WASHINGTON – As the New Year begins, I express my wish: I would like a real “Mr. Smith” to come to Washington. Senator Jefferson Smith is the leading character (superbly played by a young James Stewart) in the famous 1939 movie “Mr. Smith Goes to Washington” directed by Frank Capra. The plot is simple. A bunch of corrupt “machine politicians” out West need a quick replacement for a deceased senator. They pick Jefferson Smith, (James Stewart), mostly because he is young, naive and simple; therefore likely to follow orders.
Mr. Smith is sincere
Well, without getting into the details of a well crafted plot, newly arrived Senator Jefferson Smith soon enough finds out the truth. Yes, he is simple and unsophisticated. But he believes in America and in its institutions aimed at preserving Freedom. All alone, he fights the good fight. He gets allies; and in the end he wins. The crooks are exposed and the institutions of the American Republic are preserved. It may be no accident that Smith’s first name is “Jefferson”. Not a rare name in America; but particularly fitting in this case.
America is good
The moral lesson of this movie is clear. America is good. Its foundations are good. Yes, there will be crooks and manipulators. But then, a Good Man, sustained just by his decency and by his belief in the goodness supporting the foundations of this government, will rise and lead the fight to restore them when they are under threat. Eventually Senator Jefferson Smith wins. Not because he is super smart. Not because he has a mass following. But only because he is honest and sincere.
Barack Obama as Mr. Smith?
In a sense, back in 2008 Barack Obama looked a bit like Mr. Smith. He was new and untested. A young man of mixed race, he talked a lot about his vision of a reconciled America that would move from greatness to greatness. He energized the younger generation, usually cynical about politics. All this contributed to his surprising primaries victory against Hillary Clinton, the “safe” candidate of the Democratic establishment.
But then the whole magic fizzled. Sure enough, Obama got re-elected in 2012. But this was almost entirely because of a clever message crafted by professionals. “I am the defender of entitlements. Republican Mitt Romney is a greedy capitalist who wants more tax cuts for the rich, while he could not care less about the poor”. Nothing new and magic in this campaign message. It was old-fashioned manipulation. And now we are stuck. A diminished Obama is in the White House. But he has no freedom of movement because the Republicans can block anything, due to their control of the House.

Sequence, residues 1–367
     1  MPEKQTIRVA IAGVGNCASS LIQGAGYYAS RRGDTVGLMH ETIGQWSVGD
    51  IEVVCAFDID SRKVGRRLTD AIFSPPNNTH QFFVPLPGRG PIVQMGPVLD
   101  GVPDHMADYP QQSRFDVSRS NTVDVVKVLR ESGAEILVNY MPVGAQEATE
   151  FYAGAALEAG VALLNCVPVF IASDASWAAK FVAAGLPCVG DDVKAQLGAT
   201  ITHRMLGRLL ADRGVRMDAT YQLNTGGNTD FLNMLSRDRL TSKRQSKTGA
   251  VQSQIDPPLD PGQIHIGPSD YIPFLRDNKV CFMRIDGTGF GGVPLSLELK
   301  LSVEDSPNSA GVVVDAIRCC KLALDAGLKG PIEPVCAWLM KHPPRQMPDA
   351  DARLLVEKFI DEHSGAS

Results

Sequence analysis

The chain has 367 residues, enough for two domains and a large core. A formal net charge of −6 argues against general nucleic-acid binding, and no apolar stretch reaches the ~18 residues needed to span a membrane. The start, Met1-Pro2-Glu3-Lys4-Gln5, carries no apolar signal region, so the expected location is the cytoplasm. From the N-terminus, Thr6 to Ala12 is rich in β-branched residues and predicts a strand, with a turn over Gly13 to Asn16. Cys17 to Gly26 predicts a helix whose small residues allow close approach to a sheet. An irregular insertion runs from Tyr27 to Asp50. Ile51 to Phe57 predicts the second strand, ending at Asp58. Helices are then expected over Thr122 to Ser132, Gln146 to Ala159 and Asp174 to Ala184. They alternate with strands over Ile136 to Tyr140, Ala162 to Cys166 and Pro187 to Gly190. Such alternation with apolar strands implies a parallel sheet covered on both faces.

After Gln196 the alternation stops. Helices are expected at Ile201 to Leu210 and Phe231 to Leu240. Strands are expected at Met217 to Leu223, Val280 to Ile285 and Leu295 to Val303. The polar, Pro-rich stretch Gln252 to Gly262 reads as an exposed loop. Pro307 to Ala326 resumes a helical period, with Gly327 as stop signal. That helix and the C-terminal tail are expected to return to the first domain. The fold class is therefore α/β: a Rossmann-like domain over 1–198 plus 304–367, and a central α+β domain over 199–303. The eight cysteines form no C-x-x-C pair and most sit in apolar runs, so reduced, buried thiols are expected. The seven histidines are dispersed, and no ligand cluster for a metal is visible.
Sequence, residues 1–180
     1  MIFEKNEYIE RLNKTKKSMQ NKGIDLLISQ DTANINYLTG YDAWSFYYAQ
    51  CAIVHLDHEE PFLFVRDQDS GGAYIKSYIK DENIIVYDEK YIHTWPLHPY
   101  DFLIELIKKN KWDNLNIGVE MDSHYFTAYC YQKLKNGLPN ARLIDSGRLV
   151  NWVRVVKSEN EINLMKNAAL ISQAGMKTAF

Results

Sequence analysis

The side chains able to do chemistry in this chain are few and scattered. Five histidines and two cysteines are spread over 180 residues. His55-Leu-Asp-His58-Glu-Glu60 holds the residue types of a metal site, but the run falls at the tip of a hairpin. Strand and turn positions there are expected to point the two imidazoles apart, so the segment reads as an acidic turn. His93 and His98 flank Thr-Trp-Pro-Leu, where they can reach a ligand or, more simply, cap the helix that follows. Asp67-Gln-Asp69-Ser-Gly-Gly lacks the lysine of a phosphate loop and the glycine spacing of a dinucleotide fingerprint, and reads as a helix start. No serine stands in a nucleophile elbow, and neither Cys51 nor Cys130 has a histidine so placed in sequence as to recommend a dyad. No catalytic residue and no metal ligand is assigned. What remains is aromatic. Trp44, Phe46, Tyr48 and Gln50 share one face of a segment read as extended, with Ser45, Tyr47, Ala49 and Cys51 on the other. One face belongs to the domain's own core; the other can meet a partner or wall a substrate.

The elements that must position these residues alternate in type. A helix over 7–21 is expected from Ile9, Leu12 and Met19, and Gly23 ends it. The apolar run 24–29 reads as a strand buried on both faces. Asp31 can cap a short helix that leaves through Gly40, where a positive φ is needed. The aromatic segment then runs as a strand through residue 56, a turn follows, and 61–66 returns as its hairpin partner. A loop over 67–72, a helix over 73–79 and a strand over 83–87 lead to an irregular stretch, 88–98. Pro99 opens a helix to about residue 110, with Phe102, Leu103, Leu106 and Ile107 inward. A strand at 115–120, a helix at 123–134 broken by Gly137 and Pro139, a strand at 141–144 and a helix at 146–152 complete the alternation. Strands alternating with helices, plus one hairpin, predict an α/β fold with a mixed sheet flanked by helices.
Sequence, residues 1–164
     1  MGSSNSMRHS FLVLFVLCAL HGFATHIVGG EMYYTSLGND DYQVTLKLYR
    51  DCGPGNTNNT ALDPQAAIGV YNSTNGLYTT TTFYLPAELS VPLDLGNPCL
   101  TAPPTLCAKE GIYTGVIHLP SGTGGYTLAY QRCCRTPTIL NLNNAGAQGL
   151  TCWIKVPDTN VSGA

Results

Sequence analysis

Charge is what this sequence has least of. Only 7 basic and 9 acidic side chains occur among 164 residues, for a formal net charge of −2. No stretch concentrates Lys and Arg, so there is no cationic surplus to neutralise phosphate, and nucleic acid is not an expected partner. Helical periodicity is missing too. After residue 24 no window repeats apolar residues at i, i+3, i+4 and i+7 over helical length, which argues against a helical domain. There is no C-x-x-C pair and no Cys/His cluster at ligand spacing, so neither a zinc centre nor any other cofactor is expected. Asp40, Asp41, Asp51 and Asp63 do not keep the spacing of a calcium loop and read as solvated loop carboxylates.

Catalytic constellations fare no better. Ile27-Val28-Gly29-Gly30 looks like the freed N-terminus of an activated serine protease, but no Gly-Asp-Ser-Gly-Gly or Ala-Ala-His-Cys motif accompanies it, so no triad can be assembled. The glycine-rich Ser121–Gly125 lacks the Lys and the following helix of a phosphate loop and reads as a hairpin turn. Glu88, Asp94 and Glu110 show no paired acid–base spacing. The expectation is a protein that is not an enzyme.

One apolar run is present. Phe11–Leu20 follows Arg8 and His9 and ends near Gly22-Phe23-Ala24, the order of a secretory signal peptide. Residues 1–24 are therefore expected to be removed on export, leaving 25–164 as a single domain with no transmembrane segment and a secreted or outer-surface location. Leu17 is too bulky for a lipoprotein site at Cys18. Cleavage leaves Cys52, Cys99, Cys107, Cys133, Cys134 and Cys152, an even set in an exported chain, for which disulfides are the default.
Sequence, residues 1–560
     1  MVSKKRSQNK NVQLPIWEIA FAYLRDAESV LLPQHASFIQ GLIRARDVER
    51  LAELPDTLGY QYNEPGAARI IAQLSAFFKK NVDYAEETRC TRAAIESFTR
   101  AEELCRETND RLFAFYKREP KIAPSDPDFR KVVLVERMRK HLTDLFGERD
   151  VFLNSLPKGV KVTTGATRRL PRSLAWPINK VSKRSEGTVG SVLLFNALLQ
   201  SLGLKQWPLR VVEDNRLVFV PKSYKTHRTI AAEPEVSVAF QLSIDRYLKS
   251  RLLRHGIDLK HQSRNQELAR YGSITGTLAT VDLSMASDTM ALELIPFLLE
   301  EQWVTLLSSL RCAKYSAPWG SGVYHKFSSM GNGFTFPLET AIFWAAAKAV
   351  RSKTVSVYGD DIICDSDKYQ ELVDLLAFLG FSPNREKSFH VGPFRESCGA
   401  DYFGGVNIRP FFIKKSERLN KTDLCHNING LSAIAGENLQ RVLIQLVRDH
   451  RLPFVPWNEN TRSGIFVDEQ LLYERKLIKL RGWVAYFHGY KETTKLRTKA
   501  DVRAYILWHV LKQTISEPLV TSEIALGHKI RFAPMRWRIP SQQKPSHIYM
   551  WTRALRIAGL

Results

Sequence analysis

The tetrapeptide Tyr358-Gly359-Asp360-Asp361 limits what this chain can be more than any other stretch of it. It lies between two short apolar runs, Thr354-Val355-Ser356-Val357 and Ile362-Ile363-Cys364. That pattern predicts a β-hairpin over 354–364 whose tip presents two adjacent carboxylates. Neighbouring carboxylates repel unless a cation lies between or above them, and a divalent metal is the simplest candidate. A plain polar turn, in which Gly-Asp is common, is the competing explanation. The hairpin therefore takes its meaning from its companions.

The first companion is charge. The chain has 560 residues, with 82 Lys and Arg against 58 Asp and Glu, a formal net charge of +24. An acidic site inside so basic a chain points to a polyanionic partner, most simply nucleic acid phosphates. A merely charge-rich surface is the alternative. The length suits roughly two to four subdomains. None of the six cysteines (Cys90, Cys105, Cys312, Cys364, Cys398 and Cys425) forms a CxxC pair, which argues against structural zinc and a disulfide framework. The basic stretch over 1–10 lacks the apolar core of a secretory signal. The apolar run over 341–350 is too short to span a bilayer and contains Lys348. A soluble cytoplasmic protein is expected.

Republicans are not in better shape
The Republicans, in turn, are not shining these days. They are torn apart by their internal ideological wars between traditional, middle of the road conservatives and radical, often ideological libertarians. So far, no real national leader has emerged from this squabble. Overall none of this looks very inspiring.
Let Mr. Smith come to Washington
Therefore, at the inception of this New Year, please allow me to dream. Yes, let not just one but many “Mr. Smith” come to Washington. Sure enough, America needs national leaders who have the background and the intellectual abilities to run a complex state. But most of all we need people with simple but strong beliefs in the goodness of the principles at the foundation of this republican government. Following these principles elected leaders will do their best to advance, without partisanship, and in a transparent fashion, the interests of this Nation. America’s success was and is still premised on the existence of such people.
The Constitution provides the guidelines. But without people who understand what it takes to have a vibrant and successful self-government, the rules alone are meaningless. In the Capra movie America was reminded that it needed moral people in charge in order to succeed. People like Jefferson Smith who sincerely believe in the principles outlined in the Declaration and in the Constitution. Today the 1939 story, so well presented by Frank Capra, may appear quaint.
And yet, do we have anything better to replace it? I doubt it.